My younger brother once posed a seemingly simple question to our father. “Why do geese fly south for winter?”
Our dad responded with a beautiful thesis about bird migration. He talked about the seasons, mentioned food availability, he even touched on the aerodynamic flight patterns of the classic “V” formation.
My brother thoughtfully listened, before bolding declaring that our father was wrong. “No dad. It’s because it is too far to walk.”
Bird migration has no simple answers. It has perplexed people for centuries. Many of the earliest theories now seem outlandish. As researchers continue to unravel migration mysteries, some of these myths have long been debunked. Others persist widely to this day.
Let’s set the record straight and consider 8 migration myths of the past and present.
Noted thinker Aristotle suggested that redstarts transform into robins. This is a classic example of correlation does not equal causation.
The thinking behind this myth is that the timing of the departure of one species coincides with the arrival of the other.
A similar notion was that garden warblers transformed into blackcaps. Redstarts and garden warblers are summer birds in Greece, while robins and blackcaps are still visible in the winter.
To early observers of wildlife, many birds simply disappeared in the fall. They would reemerge the next year, but where exactly they went was up for speculation.
Folks came up with some pretty fantastic ideas as to where birds were whenever they were away. In the 17th century, minister and scientist Charles Morton thought the most logical location for birds to go away to was…the moon.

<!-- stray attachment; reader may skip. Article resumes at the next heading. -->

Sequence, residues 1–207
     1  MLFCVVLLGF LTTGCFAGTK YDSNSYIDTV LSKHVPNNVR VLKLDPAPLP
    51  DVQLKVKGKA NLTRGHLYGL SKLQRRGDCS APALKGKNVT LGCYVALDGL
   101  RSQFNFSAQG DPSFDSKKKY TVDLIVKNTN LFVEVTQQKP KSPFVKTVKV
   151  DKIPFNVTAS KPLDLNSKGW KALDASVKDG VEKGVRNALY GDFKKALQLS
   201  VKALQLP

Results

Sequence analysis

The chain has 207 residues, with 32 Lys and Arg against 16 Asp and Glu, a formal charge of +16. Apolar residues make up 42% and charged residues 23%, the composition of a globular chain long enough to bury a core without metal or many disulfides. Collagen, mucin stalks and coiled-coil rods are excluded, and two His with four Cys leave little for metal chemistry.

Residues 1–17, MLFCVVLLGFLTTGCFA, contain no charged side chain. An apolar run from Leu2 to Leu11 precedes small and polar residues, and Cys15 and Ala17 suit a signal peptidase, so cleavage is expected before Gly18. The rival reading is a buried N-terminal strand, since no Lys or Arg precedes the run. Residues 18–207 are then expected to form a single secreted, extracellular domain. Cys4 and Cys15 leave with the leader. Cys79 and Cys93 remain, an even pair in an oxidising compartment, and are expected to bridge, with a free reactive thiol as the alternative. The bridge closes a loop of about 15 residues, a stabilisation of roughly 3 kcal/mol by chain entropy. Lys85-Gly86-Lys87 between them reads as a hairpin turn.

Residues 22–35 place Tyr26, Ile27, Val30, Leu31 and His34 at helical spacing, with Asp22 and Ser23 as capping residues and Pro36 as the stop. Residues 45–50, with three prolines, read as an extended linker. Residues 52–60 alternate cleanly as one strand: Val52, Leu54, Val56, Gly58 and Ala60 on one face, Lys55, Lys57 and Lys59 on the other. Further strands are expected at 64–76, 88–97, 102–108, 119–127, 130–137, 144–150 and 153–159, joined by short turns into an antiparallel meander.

Not everyone at the time was buying into this notion. Francis Willughby, a pioneer in classification well before Linnaeus’s time, more accurately thought that many European birds most likely wintered in Africa.
Because of their tiny size, one myth that continues to make the rounds is that hummingbirds migrate on the backs of geese.
People have a difficult time believing that the most miniature of birds can move so far. Yet, these tiny fliers make epic migration journeys. Rufous hummingbirds cover 8,000 miles in a clockwise loop on their annual migration path which can stretch from Alaska to southern Mexico.
Ruby-throated hummingbirds can fly nonstop across the Gulf of Mexico during spring migration. Canada geese are wintering farther and farther north, and we now realize that hummingbirds are traveling greater distances than many of the geese migrants.
Long Winter’s Nap
There are variations of a myth that some species of swallows hibernate overwinter buried in mud.
This idea remained fairly widespread until the late 1800s. After a prolonged absence, large flocks of swallows arrive back to their breeding range en masse. Many swallow species build mud structure nests, so the birds are often seen on exposed patches of wet dirt collecting mouthfuls of nature’s spackle.
The hibernation aspect of this myth isn’t as far-fetched as it might seem. Some swifts and hummingbirds can slow down their metabolisms to enter a torpor-like state, almost a mini hibernation, lasting a few hours at a time. Common poorwills have been recorded in a hibernation like state stretching for as long as 3 months.
Bird Feeder Junkies
Perhaps the most widespread current myth that continues to persist is that leaving feeders up prevents migration.
The thinking goes that birds won’t be able to pull themselves away from endless bounty.
Although I can fully relate to that logic when I belly up at my favorite buffet, so far, I’ve always managed to leave before winter sets in. Again, hummingbirds are often the birds of concern for this myth, yet these tiny beasts can be quite hardy.